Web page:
I wake up at a reasonable time, shower, and make a quick cup of coffee on my way out the door.
I walk a few blocks to BART and then hop off at the Embarcadero station.
I make my way up to the office, directly to a second cup of coffee. While it’s brewing, I stare out the window watching people find their way through their day.
Meetings and emails pass and I head to a bar to meet a friend for a drink. I’m early, but don’t mind finding a spot to sit and wait.
Queer: shorthand for some subset of LGBTQIA+ or to describe someone who isn’t cisgender (cis) or heterosexual (het). Also a 16th century way of saying ‘odd’.
And, in some cases, a slur.
In the early 1990s, a leaflet, QUEERS READ THIS, offered one of the earliest justifications for the reclamation of ‘queer’ in the contemporary sense, as a term of power, rather than a tool for homophobes. It reads:
Well, yes, “gay “ is great. It has its place. But when a lot of lesbians and gay men wake up in the morning we feel angry and disgusted, not gay…
No matter where you’re reading this from, your life has almost certainly changed in some unexpected ways in the last several weeks.
Social distancing means fewer hugs and high fives, and more waves from a safe distance. Sheltering in places means limiting visits to new spaces or friends’ homes, and more anxiety-inducing visits to the grocery store. Covering our faces with masks means fewer smiles and less conversation.
The world seems to be both falling apart and healing itself. We’re slowing down, yet also moving quickly to help others.
All of this is to say, there is a lot of…
Open your favorite search engine and type in ‘LGBTQ Youth’.
One of the first things you’ll likely see, featured in a small box on the right, reads: Research has found that attempted suicide rates and suicidal ideation among lesbian, gay, bisexual, transgender, etc youth is significantly higher than among the general population.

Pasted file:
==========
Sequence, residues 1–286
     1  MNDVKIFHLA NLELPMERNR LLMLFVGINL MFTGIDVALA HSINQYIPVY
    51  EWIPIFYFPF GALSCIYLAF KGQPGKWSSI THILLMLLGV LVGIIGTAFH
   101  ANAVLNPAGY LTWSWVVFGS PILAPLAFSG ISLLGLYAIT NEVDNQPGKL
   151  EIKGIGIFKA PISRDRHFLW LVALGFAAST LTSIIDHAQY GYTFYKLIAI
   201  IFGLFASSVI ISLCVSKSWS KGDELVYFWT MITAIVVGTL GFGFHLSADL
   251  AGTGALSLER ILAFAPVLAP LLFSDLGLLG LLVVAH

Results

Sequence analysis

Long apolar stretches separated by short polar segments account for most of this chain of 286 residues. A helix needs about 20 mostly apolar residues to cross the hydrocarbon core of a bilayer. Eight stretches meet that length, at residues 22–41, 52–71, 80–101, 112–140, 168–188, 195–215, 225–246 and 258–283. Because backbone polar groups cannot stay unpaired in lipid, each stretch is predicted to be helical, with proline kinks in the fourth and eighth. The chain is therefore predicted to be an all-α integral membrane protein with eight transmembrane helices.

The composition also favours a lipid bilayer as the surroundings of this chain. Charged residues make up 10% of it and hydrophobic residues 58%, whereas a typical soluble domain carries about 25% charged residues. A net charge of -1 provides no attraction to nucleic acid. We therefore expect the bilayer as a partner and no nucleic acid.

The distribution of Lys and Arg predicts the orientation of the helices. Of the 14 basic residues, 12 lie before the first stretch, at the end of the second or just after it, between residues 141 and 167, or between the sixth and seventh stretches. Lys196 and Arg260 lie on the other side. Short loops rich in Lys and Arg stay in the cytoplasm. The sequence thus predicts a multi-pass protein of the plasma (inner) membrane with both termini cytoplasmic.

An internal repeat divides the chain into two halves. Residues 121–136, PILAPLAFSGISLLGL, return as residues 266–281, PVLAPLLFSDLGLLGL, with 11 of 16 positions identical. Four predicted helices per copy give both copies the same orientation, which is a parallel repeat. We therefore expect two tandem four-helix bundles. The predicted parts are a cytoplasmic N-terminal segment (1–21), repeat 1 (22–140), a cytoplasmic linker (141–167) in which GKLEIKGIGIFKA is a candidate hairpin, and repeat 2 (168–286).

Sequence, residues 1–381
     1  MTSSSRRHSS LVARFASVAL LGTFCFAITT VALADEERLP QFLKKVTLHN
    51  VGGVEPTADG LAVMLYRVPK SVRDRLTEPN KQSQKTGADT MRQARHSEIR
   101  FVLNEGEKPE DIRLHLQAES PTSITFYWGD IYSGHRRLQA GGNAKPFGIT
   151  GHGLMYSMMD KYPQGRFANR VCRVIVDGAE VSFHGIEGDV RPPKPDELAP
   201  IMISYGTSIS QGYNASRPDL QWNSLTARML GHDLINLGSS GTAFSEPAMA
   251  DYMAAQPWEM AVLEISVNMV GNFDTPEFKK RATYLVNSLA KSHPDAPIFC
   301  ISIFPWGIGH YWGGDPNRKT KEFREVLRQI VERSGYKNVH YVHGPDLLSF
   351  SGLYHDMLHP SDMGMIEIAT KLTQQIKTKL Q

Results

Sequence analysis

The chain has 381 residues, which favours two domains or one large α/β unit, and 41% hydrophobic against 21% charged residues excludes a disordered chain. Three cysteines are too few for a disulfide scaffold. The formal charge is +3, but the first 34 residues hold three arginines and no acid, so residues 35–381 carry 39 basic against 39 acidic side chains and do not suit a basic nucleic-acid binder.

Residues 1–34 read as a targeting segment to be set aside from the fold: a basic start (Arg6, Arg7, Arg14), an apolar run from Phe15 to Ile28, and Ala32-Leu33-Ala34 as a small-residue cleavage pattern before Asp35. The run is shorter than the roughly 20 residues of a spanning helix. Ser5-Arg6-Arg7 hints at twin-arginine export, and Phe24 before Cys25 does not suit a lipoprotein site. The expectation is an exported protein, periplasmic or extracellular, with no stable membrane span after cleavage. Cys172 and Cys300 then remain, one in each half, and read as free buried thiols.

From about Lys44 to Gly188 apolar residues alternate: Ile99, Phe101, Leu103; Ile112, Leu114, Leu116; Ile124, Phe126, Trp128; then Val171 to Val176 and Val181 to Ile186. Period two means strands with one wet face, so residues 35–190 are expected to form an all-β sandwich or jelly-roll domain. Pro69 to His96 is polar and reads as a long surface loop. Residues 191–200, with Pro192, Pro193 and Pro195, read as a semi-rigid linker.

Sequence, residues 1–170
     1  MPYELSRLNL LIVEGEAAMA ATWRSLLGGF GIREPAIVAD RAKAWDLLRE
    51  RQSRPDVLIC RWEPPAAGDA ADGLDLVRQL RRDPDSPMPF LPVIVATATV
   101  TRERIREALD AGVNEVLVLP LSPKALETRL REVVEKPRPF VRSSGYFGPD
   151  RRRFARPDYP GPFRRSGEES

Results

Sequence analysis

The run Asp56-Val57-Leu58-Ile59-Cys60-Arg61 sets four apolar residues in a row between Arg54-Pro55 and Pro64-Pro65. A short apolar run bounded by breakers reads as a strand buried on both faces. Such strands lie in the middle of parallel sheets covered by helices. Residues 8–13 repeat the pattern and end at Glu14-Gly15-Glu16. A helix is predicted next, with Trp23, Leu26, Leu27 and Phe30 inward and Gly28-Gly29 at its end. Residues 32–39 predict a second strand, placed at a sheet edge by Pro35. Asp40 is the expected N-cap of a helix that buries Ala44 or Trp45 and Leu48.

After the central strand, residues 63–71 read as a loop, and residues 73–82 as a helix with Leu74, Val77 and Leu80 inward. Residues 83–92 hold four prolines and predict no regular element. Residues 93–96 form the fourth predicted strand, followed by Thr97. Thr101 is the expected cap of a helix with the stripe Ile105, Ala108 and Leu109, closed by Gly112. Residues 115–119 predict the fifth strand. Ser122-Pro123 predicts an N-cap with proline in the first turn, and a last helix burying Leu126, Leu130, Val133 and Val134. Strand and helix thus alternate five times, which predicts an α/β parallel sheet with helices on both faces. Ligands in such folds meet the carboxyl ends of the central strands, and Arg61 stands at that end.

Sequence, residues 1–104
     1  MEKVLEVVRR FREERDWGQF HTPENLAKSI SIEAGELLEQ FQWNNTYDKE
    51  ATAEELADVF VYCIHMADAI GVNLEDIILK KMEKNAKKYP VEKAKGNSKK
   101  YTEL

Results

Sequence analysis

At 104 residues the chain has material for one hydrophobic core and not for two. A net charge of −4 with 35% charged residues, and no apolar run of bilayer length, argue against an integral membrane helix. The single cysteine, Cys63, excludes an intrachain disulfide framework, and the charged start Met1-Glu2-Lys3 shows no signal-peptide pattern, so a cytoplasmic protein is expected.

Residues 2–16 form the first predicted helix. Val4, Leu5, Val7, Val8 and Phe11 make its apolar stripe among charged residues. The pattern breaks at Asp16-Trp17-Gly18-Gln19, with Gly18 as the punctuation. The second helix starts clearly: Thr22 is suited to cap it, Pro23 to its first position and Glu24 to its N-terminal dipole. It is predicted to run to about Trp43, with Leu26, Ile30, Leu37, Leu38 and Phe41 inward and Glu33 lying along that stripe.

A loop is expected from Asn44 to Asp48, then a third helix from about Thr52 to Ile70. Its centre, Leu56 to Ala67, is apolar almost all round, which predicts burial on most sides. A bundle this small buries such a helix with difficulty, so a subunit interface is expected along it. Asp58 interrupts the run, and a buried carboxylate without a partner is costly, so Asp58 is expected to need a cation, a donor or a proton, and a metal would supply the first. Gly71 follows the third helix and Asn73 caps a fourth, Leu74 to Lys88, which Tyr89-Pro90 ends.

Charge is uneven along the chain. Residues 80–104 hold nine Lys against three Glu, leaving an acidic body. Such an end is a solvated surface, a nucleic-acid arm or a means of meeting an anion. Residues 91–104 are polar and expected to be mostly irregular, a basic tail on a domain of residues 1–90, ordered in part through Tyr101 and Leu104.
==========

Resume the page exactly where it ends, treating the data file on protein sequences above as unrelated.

Scroll down a bit and you’ll see countless articles, support services, and research studies with headlines like:
Recently, while digging a bit deeper into my own connection to human-centered design and inclusivity, I came across a simple yet powerful mantra:
Nothing about us, without us.
This phrase, with origins in Central European politics, came into use through disability activism during the 1990s. The idea is simple: Never create something for a group of people, without that same group of people being involved in the creation.
It sounds simple, yet it’s often overlooked or replaced with customer personas and unchecked assumptions about a specific community. …
Anyone who has gone through the process of coming out knows (or soon finds out) that you never do it just once.
When I came out to my family, I had just ended my first relationship with a man — a feeling that was both terrifying and exciting. While I had come out to most of my friends in San Francisco, I had decided it was unfair to be with another person who was hidden from my family.
So, I booked a flight home with the intent of saying two words: I’m gay.
There are few moments in my life…
I am obsessed with questions.
Particularly, questions that come from a place of curiosity and sincerity; the ones that are not this:
Hi, how are you?
Great!* And you?
My obsession with asking questions has, over time, morphed into collecting them.
From the rhetorical:
What if I’m right?
To ones that surface internal dilemmas:
If you knew that in one year you would die suddenly…
Happiness is like an orgasm: if you think about it too much, it goes away.
– Tim Minchin, Occasional Address
There’s a lot of truth in this quip. Spending your time obsessing over happiness is a sure way to never find it.
Happiness, for me, shows up when I’m out in nature, connecting with someone new, sharing a few beers with friends, meditating, etc.
Happiness cannot be pursued, it must ensue.
– Viktor Frankl, Man’s Search for Meaning
If happiness is the result of the things we do, how can we ensure it ensues without being pursued?
Your date goes to the bathroom. You’re waiting in line to order coffee. You’ve just finished a meeting.
What’s the first thing you do?
For me, it’s checking my phone.
On average, we’re checking our phones 50 times a day.
I took a guess at how many times I was checking my phone daily, and settled on 35 — about twice an hour while I’m awake.
My actual number?
Turns out, unsurprisingly so, that most people underestimate the amount of time they’re checking their phones. In fact, people are using their phones twice as much as they self-report.
You’re going to die one day.
Duh, right? We all know it, but our brains have a hard time processing it.
Life, though, has a way of reminding us that it’s not going to hang around forever.
A loved one gets sick. You rubberneck past a crash on the freeway. A family member passes away.
In these moments, I’ve caught myself thinking: Any moment I could die. I need to [do / be] more [insert thing that’s not possible when you’re dead].
10 minutes later, I’m back to being immortal.
For the past 33 years, I have looked in the…
focused on human ways to support the health and happiness of young queer people @Hopelab. formerly @IDEO @EY_Doberman @AirLiquideGroup